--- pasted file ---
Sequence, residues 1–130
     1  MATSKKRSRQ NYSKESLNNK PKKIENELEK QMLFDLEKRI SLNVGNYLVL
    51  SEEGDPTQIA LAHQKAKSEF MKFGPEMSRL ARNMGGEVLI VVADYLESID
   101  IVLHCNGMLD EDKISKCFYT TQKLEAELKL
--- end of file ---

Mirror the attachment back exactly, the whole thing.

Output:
Sequence, residues 1–130
     1  MATSKKRSRQ NYSKESLNNK PKKIENELEK QMLFDLEKRI SLNVGNYLVL
    51  SEEGDPTQIA LAHQKAKSEF MKFGPEMSRL ARNMGGEVLI VVADYLESID
   101  IVLHCNGMLD EDKISKCFYT TQKLEAELKL